Many times when individuals enter treatment for alcoholism, other illnesses are discovered. This is called a dual diagnosis, which commonly involves the presence of mental disorders such as depression or emotional trauma alongside the addiction. Alcohol tends to be an effective masking drug for those who hope to cover up an existing mental illness. Mental illnesses such as depression can cause a person to drink in order to forget their pain and to make them feel normal again, even if just for a short period of time. The trouble is that this cannot sustain itself, and depression can worsen with repeated alcohol abuse. An individual may begin to close themselves off from others or become withdrawn from everyday life.
Co-existing disorders must be treated at the same time as alcohol addiction in order for an addict to fully recover. If one illness is treated and not the other, it will manifest and potentially cause the individual to relapse. The National Alliance on Mental Illness (NAMI) brings up the prevalence of those who experience mental illness as well as alcohol addiction. In general, it is reported that about half of people living with severe mental illness in the U.S. also have a co-existing substance abuse problems. When it comes to alcohol abusers in treatment, one-third reported having a mental illness that required treatment at the same time.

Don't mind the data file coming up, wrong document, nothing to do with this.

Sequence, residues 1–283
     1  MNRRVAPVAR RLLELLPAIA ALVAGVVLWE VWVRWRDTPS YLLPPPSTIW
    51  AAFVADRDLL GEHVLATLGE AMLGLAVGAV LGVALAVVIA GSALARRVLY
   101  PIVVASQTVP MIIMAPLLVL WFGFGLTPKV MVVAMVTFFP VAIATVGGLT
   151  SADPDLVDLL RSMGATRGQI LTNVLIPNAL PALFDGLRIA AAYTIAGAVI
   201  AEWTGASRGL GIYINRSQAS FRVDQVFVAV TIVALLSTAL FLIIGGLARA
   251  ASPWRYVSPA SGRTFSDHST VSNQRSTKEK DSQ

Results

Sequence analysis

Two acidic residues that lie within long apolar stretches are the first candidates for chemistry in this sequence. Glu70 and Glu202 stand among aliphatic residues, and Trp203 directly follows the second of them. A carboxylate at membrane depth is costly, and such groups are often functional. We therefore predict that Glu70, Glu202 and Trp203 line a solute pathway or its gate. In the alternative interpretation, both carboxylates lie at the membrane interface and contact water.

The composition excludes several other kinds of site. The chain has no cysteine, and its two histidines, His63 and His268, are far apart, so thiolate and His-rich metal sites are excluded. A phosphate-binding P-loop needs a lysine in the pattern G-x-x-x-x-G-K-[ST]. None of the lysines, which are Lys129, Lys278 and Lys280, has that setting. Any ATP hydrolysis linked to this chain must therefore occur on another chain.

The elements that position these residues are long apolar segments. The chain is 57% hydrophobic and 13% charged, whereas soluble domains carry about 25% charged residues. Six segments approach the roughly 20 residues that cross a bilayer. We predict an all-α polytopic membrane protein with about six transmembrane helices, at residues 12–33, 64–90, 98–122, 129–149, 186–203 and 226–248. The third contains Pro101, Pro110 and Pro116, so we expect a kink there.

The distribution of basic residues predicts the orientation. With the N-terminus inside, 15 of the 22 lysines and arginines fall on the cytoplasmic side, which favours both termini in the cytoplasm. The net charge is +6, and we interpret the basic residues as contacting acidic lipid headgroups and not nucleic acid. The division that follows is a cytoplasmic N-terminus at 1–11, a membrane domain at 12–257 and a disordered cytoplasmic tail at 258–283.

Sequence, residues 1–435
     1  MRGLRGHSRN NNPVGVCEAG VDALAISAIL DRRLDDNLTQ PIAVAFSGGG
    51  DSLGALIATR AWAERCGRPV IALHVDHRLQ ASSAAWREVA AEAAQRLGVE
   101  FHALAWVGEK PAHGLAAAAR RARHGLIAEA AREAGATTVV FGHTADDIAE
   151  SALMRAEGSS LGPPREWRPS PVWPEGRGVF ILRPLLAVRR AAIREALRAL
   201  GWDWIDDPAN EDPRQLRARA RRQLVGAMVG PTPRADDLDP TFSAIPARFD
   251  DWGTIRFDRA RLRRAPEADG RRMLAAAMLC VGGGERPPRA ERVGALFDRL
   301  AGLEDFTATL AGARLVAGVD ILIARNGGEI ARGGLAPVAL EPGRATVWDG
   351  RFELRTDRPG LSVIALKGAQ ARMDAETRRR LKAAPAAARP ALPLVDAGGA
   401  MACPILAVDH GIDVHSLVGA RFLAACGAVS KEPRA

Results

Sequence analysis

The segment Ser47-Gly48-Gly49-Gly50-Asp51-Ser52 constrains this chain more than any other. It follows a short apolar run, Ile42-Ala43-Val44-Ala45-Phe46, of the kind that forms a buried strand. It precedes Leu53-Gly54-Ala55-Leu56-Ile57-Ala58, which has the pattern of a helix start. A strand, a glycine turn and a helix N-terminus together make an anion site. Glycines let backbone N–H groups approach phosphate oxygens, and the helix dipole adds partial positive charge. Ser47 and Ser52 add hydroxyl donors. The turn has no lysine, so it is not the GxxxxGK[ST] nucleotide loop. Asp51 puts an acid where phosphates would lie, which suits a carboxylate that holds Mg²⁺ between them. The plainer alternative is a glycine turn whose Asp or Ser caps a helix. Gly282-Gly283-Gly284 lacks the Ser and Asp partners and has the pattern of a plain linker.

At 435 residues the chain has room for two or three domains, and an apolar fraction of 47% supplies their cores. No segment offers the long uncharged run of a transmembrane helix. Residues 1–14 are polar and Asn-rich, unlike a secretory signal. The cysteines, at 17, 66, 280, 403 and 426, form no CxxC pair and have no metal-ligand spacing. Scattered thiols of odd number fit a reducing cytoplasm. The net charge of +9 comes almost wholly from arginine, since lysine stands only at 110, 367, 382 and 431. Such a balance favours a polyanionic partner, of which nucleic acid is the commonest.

Once an individual realizes they may have a problem with alcohol addiction, treatment must be pursued to support a successful recovery. While alcohol consumption is common in the U.S., this highly addictive substance can be hard to overcome on one’s own. Detox and withdrawal symptoms should be medically supervised, and an inpatient program that can monitor progress can be helpful. The Substance Abuse and Mental Health Services Administration (SAMHSA) reports that, when it comes to treatment admissions statistics, over 40% reported alcohol abuse as the main or secondary need for alcohol rehab and recovery.
Alcoholism can be hidden for years from one’s family and friends, and even from the addicts themselves. Unlike other high-risk drug addictions that can cause an individual’s life to fall apart rapidly, those with alcohol addictions might not show signs right away. Functioning alcoholics might hide or limit their drinking so that they can hold down a job or maintain their role in their family. Underneath the surface, their lives may revolve around alcohol and the countdown for when they can reward themselves with a drink.
Alcohol is something that is easily obtained, and is likely to be all around an addict in recovery. Coping techniques and relapse prevention strategies must incorporated to increase one’s chances of success. Having support groups and sponsors available to an addict in recovery can help them avoid the urge to drink and keep recovery at the forefront of their daily life. The good news is that those that are suffering from alcohol addiction are not alone. Treatment programs for all demographics and stages of alcoholism are available so that any individual seeking support can find a tailor made program to help. Making recovery a priority will help an individual get their life back on track and realize all they have missed while being consumed by addiction.